Tales of romance, adventure, and virtue set in a medieval fantasy world are her preference, but she also writes speculative fantasy and a bit of science fiction.
The royal wedding approaches and the country is alive with anticipation.
Among the craftsmen traveling to the capital is Constance Rendare and her family. An artist, a widow of an unhappy marriage, and the mother of a young son, she dreams of escaping the cruel servitude of her father’s household.
Wilard Naron serves the Earl of Dentin. He returns to the capital, his childhood home, to collect his earnings and finally free himself from his father’s reputation.
Kidnappings, bandits, and a plot against the king complicate the journey. The conflicts throw Constance and Wilard together as their circumstances grow steadily worse. The more the pair uncovers, the direr the future looks for the country and for them.
“He stole my shoe.” I glared at the thief’s back as he perched on the open end of the wagon bed. Crates and barrels blocked my view of what he was doing, but I was reasonably confident it would result in sore feet for me.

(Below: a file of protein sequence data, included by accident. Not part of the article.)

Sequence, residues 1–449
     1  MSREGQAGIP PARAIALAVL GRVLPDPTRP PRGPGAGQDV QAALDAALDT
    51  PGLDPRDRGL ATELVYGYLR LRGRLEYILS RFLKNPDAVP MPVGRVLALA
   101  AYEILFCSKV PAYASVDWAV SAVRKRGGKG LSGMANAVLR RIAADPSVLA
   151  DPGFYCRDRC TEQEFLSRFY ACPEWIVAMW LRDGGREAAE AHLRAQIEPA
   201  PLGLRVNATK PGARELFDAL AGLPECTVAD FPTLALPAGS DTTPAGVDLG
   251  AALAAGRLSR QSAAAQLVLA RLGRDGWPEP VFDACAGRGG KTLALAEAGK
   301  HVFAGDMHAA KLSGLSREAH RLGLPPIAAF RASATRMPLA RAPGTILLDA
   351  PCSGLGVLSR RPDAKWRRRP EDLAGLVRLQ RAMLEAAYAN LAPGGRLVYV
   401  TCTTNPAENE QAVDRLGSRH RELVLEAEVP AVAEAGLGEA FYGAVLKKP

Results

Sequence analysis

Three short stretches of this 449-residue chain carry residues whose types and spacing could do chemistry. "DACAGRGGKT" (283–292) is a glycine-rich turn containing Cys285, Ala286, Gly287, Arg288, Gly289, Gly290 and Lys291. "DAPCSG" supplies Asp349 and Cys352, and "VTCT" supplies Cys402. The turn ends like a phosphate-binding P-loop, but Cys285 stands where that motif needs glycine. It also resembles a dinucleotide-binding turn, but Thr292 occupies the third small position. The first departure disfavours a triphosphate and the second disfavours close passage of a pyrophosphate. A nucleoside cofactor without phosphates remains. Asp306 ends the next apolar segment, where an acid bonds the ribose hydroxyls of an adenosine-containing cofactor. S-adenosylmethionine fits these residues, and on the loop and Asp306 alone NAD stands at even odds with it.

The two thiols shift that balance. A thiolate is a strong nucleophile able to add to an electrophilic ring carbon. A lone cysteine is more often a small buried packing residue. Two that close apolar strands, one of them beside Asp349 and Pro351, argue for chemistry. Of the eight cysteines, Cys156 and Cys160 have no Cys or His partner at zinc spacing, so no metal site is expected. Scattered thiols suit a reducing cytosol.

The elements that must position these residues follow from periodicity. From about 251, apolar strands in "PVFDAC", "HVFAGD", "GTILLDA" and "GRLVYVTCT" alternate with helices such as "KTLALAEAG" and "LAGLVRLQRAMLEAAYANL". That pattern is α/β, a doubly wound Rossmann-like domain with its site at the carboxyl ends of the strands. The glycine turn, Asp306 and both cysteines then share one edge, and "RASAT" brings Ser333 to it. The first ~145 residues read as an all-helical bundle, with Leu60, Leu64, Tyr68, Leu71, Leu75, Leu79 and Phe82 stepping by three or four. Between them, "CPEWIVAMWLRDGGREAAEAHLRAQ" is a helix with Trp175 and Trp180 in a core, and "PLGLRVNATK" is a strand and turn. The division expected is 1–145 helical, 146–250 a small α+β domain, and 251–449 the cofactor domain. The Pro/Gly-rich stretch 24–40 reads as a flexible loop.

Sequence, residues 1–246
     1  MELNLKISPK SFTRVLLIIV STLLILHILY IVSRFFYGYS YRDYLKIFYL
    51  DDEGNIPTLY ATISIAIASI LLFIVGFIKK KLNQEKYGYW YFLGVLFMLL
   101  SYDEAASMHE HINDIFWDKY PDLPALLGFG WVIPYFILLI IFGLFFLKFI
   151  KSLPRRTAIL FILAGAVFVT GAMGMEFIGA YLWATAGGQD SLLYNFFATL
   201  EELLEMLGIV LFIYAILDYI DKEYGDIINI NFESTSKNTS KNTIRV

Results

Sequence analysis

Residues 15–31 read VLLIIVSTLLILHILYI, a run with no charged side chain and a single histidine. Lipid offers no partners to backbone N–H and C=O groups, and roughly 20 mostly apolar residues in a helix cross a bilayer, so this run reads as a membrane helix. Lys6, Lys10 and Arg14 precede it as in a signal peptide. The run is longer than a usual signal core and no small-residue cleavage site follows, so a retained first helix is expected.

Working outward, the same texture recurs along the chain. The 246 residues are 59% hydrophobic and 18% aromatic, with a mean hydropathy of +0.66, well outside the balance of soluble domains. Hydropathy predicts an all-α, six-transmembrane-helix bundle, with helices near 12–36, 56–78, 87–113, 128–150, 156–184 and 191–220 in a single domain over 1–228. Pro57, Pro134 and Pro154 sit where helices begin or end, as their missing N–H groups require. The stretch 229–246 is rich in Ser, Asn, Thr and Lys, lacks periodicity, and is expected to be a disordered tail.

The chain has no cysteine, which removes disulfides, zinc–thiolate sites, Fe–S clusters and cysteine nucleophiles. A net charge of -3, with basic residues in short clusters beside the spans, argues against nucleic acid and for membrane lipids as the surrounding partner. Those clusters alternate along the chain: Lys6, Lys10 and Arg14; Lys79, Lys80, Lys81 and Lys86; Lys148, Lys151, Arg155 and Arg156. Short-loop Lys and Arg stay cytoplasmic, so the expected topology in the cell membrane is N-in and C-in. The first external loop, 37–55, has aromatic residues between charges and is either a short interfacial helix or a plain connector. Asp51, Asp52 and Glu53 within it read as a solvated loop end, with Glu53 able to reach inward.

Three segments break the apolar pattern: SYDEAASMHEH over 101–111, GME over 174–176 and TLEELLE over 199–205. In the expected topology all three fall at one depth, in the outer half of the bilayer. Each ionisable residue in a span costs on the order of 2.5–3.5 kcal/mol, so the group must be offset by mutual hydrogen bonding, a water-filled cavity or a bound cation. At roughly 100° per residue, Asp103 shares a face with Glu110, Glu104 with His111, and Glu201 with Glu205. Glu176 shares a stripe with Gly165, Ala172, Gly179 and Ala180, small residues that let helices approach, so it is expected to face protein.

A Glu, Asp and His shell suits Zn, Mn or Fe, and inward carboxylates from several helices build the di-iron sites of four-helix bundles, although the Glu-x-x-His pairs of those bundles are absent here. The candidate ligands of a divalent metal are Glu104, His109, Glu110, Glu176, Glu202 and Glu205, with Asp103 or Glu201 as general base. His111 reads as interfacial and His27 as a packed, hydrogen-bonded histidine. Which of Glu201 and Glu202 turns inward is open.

The thought of needing to walk all the remaining miles to Caraway on unshod feet made my already battered limbs ache all the more.
“Surely, he didn’t.” My companion shook his head leisurely. “Master Wilard is not a thief.”
“He is a jokester, then, or worse, a trickster. I can conceive of no other possible purpose he might have for taking my only functional shoe.”
“Perhaps he seeks to ensure you don’t scamper down and attempt walking.”
“I agreed to ride. My word should be enough. Or is your master one of those men who never trusts the word of a woman?”
“There are such men?”
I met Hugh’s gaze. I could not find deception in his honest, bland features. Not even a hint of humor glinted in his eyes. He only regarded me with questioning concern that such creatures existed.
“There are. I was married to one.”
“Married no longer, though?”
“No.” The usual bittersweet sensation flooded me at the memory of my late husband.
“So the lad is your son?” He glanced at me once again before refocusing on the road ahead.
“Owen? Yes, he is my son.”
“I only wondered. He doesn’t strongly resemble either you or your sister, except for the hair color.”
“He takes after his father in features and me in temperament, if my father is to be trusted.” I tried to suppress the impulse to frown. Father had been bemoaning that truth at least thrice a day for the past two weeks.
“Then he must be hardworking, reliable, and determined.”
I laughed. Those were not the attributes I would use to describe my son.